Tuesday, January 05, 2010

Barbados






There is only one protected anchorage in all of Barbados and that is Carlisle Bay just south of Bridgetown on the south west of the island.  When we first arrived, there were about 15 yachts anchored who like us, had just crossed the Atlantic.  We met cruisers from all over the world and swapped stories about the crossing,  compared crossing times, weather, injuries and broken boat bits. 

Our first priority once we went to shore was to get to the Canadian High Commission to renew our passports.  Although we had 10 months left before they expired, we had run out of pages for countries to stamp us in and out.  The renewal process went smoothly but we were told the passports would take 4 weeks to complete due to Christmas holidays and New Years. 

The Bajans are really big on Christmas.  There were decorations everywhere and Christmas music blaring from the stores.  In the square downtown, they had shipped in 20 evergreens from somewhere and decorated them with lots of lights.  The ground was covered with pure white gravel to look like snow.  It put us in the Christmas spirit, despite the 30 degree heat.


On Christmas day, we went snorkeling with some friends on three wrecks that were sunk nearby in Carlisle Bay.  I’m not sure how long they have been down there since the coral was just starting to take hold but there were tons of bright colored fish, the likes of which we have not seen since the Red Sea. On Christmas night, we went over to their boat for mulled wine and Bajan Great Cake (like our traditional Christmas Cake only gooier and more rum).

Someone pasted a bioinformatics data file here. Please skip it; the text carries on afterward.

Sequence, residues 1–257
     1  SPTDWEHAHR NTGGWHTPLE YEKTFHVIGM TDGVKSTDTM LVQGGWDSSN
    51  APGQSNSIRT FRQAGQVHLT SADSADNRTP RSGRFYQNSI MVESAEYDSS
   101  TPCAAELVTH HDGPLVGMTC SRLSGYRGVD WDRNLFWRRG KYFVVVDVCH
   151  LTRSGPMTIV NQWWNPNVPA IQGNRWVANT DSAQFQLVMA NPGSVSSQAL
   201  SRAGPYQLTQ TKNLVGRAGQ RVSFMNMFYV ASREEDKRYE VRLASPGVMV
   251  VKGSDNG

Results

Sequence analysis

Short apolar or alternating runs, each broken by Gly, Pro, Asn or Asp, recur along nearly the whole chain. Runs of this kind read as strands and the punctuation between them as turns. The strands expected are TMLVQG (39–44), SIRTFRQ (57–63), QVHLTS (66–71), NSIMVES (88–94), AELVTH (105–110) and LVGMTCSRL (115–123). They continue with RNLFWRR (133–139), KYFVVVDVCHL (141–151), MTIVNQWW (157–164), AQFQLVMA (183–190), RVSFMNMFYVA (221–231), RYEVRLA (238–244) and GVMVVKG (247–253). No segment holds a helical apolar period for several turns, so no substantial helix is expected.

We did some sightseeing by bus and visited St. Nicholas Abbey, one of the island’s oldest surviving plantations.  At the centre of the plantation is a  17th century Jacobean mansion and a working Rum Distillery.  The bus ride to the Abbey was just as interesting, first following the west coast of the island then cutting through the interior of the island that is covered with sugar cane.

For New Year‘s Eve, all the boats anchored in the bay were invited to the local sailing club for a BBQ.  We sat on the deck overlooking the bay and watched the sunset while we munched on our shrimp kabobs and fish kabobs.  At midnight, there were two fireworks displays within ¼ mile each side of where Toboggan was anchored so we took our dinghy back to Toboggan, made some popcorn and watched the fireworks from the deck. 


One night, we took a bus ride to Oistin which is famous on the island for it’s Friday night fish fry.  Right beside the fish market which is very busy during the day, there is an area with lots of brightly painted picnic tables surrounded by 20 shacks which cook up a wide range of seafood.  Steve ordered the shrimp kabobs and I had the grilled snapper.  Our meals came with two Bajan classics…macaroni pie and “peas and rice” but we still managed to stuff down a side order of fish cakes.


Another day, we took a bus ride to Bathsheba which is on the East Coast of Barbados.  It is known for the best surfing waves on the island.  The day we went, there were lots of surfers and we sat for a couple hours watching some good runs and some spectacular wipe-outs.  A couple days later, the beach was closed since the winds were up and the surf and undertow became too dangerous.  Of course, the surfers still wanted to go out so they had to have policemen patrol the beach to keep the crazy surfers away.

After a fabulous three weeks in Barbados, our passports were completed and we were free to leave the island.   We said goodbye to our new friends and prepared to set sail for Guadeloupe.

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